“Imagine the infant who one day cries and gets fed, and the next day cries and goes hungry. One day smiles and is kissed and hugged. The next day smiles and is ignored. This is what psychologists called ‘preoccupied or unresolved attachment’ with the primary caregiver–usually the mother. There was love one minute and disdain the next. Affection that was given in abundance for no reason and then taken away without cause. The child has no ability to predict or influence the behavior of the parent. The narcissist loves a child only as an extension of herself at first, and then as a loyal subject. So she will tend to the child only when it makes her feel good.”
One of the best sources for growing up with a narcissist is from Marty writing at PTSD-A Way Out: I was a thing to my Narcissist dad:
I often wonder why my PTSD has been so destructive.
My dad exerted so much energy, a 24/7 constant obsession of grooming me for baseball stardom. I was more of an it to him, a thing, not a separate life, not an autonomous person with desires and needs.
That’s how a narcissist owns things, uses things (people) for their pleasure. Their empathy centers do not work correctly.
Whether at school, home or on a field of competition, he controlled my every move, reviewed every play of every game and performance at school, then punished any actions that deviated from his master plan.
I guess it was to replace his lost childhood from early pregnancy at 16 and subsequent end of his high school career.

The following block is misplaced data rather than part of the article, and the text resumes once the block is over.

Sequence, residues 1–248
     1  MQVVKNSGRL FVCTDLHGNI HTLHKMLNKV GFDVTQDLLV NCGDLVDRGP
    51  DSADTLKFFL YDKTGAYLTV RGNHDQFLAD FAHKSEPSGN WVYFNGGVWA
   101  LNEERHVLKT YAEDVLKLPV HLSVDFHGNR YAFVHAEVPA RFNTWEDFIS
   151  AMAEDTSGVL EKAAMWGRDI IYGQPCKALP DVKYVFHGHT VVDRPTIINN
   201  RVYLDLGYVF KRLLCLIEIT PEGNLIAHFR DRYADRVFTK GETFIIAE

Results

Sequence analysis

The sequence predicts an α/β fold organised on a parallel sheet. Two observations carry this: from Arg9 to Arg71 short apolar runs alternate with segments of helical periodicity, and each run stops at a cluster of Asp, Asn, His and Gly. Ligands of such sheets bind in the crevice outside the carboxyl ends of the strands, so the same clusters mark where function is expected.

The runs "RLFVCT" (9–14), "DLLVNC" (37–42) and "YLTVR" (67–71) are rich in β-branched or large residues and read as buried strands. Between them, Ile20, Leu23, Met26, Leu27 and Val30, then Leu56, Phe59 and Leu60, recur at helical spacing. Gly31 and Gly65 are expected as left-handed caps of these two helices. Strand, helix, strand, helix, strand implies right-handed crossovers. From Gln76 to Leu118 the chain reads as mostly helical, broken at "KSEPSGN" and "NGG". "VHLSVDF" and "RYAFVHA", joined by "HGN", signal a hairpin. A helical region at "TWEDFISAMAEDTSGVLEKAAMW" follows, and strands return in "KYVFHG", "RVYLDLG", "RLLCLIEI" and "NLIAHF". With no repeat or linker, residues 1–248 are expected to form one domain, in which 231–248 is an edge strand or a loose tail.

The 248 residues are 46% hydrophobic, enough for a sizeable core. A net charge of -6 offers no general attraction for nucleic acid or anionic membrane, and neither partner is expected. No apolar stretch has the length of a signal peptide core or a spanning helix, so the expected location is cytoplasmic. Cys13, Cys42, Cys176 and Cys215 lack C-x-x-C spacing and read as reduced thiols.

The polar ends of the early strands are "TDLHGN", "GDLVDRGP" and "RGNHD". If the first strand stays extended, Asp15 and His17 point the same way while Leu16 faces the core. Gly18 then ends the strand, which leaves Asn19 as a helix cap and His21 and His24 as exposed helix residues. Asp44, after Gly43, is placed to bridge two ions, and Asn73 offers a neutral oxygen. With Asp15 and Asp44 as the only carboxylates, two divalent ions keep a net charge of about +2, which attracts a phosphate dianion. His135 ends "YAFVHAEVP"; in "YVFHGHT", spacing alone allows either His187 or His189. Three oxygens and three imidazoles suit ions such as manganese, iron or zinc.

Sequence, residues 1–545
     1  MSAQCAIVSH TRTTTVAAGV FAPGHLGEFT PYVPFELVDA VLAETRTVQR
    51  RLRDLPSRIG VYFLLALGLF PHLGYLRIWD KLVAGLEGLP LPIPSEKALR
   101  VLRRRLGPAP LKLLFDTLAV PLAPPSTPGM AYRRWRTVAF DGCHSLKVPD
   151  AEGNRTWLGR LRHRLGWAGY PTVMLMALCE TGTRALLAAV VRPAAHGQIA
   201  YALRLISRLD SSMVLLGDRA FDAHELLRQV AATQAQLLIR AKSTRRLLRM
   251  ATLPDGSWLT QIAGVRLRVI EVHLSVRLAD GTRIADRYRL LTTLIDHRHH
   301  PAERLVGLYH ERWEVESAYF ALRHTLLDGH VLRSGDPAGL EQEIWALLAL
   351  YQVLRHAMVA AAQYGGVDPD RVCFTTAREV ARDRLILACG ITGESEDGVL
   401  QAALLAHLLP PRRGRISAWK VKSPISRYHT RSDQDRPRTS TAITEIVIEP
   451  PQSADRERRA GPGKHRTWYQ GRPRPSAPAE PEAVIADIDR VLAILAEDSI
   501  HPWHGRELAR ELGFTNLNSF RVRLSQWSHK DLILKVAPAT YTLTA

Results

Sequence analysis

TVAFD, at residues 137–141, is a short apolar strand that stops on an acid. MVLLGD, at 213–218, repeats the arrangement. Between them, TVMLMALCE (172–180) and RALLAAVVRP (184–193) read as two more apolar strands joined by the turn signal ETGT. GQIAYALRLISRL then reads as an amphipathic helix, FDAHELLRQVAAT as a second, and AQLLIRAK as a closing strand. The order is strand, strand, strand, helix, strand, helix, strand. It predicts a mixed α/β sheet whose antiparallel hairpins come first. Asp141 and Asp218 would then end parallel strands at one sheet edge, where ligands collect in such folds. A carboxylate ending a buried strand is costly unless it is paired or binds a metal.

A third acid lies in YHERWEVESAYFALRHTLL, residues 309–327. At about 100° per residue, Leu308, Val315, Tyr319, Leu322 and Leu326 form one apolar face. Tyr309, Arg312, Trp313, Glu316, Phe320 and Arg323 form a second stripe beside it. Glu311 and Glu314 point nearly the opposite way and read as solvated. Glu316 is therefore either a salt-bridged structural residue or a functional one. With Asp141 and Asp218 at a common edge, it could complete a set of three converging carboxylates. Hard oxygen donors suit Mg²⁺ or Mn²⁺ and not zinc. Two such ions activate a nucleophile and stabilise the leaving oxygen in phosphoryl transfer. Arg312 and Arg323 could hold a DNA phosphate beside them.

He wanted to control every part of my life, even micromanage my thoughts. He stole my childhood, my life for his own sick narcissistic pleasure.
There was no opportunity for me to be me, in fact being me would get beat for insolence.
#3. They seek power as a means of control
Whether it’s in their work or personal life a narcissist wants to gain power so that they are able to have full control over the people in every area of their lives.
“Some narcissists purposely select professional endeavors where they can be regularly admired and/or feared. In this case, a major reason for the narcissist’s choice is simply to be “superior,” “important,” and “special,” rather than sincerely desiring to make a contribution for the greater good.” –Psychology Today
A few years ago I had a narcissistic boss that did everything he could to make me fear him. From the first day I started, he told me that he “fired whenever he felt like it” and he saw himself as superior to all of his subordinates.
Meetings weren’t about what was good for the company, they were about what we could do to make our boss look good to his leadership.
6. She thinks she is above the rules.
Narcissists prefer not to have to follow the rules that apply to us lesser mortals. The sense of entitlement that accompanies narcissism can manifest in expectations of special treatment. She might try to get out of a parking ticket through manipulation or flirtatious behavior, then she gets angry. She can embarrass you in the takeaway line at your favorite coffee shop. If she is not allowed to jump the coffee queue or secure her favorite table at a popular restaurant, she may become disproportionately angry.
7. She is unpredictable.
Narcissists often wax and wane in terms of their attention and availability. She may shower you with affection and attention (love-bombing) when she wants something from you and ignore you when she is going OK. Her ability to care about you is dependent on her own needs rather than any genuine commitment to you as a separate and autonomous being.